Signals of toy horns (Figs. 2 and 5) are dominated by resonance, and usually they emit most of their energy at frequencies above about 2 kHz, where the ear is most vulnerable to noise-induced damage. Mindful of this well-known fact, it is hard to understand why there are no efforts to suppress these extremely dangerous frequencies. These penny-products would not become more expensive, but less harmful.
Many measurements of situations similar to the one shown in Fig. 5 have been performed with an impulse-dummy system, demonstrating how extremely harmful such toys are. The argument that such a use is not intended by the manufacturer appears ridiculous. Children are inquisitive, and impulsive, and they want to see what happens if they try something new. Experience shows that toys producing sound will at least occasionally be used close to the ear. It is also foreseeable that a child is putting a squeaking duckling directly at the ear of a toddler, squeezing hard, to please the younger sibling with „good sound“. Results of worst-case measurements (at the ear) are shocking. Noise from a loud squeaking duckling, that is commercially available, can ruin the ear. And with a really nasty toy horn it is possible to force the equivalent of one year’s worth of occupational noise into an ear, within one second!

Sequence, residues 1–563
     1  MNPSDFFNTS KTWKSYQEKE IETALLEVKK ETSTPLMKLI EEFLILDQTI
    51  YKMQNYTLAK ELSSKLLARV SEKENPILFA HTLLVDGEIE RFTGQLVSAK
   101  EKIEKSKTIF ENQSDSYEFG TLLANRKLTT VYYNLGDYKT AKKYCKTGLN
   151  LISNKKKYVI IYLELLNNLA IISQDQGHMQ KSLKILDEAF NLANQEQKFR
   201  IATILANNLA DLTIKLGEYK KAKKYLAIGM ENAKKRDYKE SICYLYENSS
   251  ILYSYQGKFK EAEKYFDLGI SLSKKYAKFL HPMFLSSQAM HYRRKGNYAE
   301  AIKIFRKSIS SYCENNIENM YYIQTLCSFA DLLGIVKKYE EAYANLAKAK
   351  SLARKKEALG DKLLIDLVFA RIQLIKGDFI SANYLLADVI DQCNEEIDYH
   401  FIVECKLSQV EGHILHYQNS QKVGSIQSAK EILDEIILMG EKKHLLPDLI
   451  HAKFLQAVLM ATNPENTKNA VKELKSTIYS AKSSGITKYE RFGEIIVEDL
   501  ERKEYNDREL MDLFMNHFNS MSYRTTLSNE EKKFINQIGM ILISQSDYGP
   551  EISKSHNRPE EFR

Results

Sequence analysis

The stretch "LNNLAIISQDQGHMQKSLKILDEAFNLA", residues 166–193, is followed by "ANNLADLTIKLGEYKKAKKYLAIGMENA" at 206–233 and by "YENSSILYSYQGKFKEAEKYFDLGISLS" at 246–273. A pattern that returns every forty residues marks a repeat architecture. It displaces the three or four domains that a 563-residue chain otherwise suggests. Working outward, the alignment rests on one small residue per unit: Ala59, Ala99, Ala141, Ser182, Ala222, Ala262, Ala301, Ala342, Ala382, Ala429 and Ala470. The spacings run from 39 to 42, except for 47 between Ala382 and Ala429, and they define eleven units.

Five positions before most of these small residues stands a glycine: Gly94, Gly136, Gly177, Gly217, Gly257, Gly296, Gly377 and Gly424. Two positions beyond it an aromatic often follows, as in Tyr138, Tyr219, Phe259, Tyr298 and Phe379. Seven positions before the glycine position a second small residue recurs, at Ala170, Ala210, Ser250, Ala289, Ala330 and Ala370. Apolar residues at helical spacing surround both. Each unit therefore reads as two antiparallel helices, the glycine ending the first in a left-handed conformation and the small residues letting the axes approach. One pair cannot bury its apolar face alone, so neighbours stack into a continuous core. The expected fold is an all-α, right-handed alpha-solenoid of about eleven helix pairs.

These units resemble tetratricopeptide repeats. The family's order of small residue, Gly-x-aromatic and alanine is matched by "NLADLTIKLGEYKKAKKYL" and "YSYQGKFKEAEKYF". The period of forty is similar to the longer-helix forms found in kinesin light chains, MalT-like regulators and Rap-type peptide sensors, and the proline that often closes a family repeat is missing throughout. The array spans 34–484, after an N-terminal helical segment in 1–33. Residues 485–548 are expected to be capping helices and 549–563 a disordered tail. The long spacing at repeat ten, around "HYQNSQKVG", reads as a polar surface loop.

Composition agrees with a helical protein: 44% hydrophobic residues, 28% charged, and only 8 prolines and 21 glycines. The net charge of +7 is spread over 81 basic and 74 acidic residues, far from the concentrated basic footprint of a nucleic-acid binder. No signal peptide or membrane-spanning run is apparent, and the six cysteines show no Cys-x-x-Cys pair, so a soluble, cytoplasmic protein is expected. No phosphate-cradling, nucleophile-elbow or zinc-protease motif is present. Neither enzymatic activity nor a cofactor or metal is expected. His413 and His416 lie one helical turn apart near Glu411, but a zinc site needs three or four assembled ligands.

In cases like these, the affected ear is undoubtedly suffering massive damage. But after the acoustic attack, nothing happens, because the baby cannot complain about its impairment. Such damages remain undetected. Maybe 10 years later, the girl shown in Fig. 5, is consulting an ENT specialist who diagnoses massive damage of the left ear, but cannot understand what caused this injury.
As mentioned earlier, the auditory system has to develop properly during childhood, free of injuries. Because of this situation it is essential to give children’s ears more protection than adults’. It is time that this goal will be apparent in a standard for toys.
Tinnitus and impulses
Persons exposed to damaging impulses suffer from tinnitus, more or less seriously, and children are no exception. But children are often affected much more, because, along with their parents, they cannot handle the psychological after-effects. Here a dramatic and extreme example. At a festivity, two boys, ten years old, felt annoyed by a 7 year old boy. They grabbed him by the neck, and one of them shot him with a toy pistol into the left ear, and the other into the right ear. Auditory damage was not that severe, because, with the tip of the pistol’s barrel, they inadvertently closed the outer acoustic canal of the victim’s ears. However, the boy suffered from massive tinnitus, likely caused by hearing cells in the cochlea, crippled by the traumatic assault. He got medical treatment, including special therapies, but nevertheless he could no longer follow school, had nightmares and sleep deprivation, and gradually the life of the entire family disintegrated. After about two years the boy had to attend a school for disabled youngsters. And, it must be assumed, he will suffer from tinnitus for life.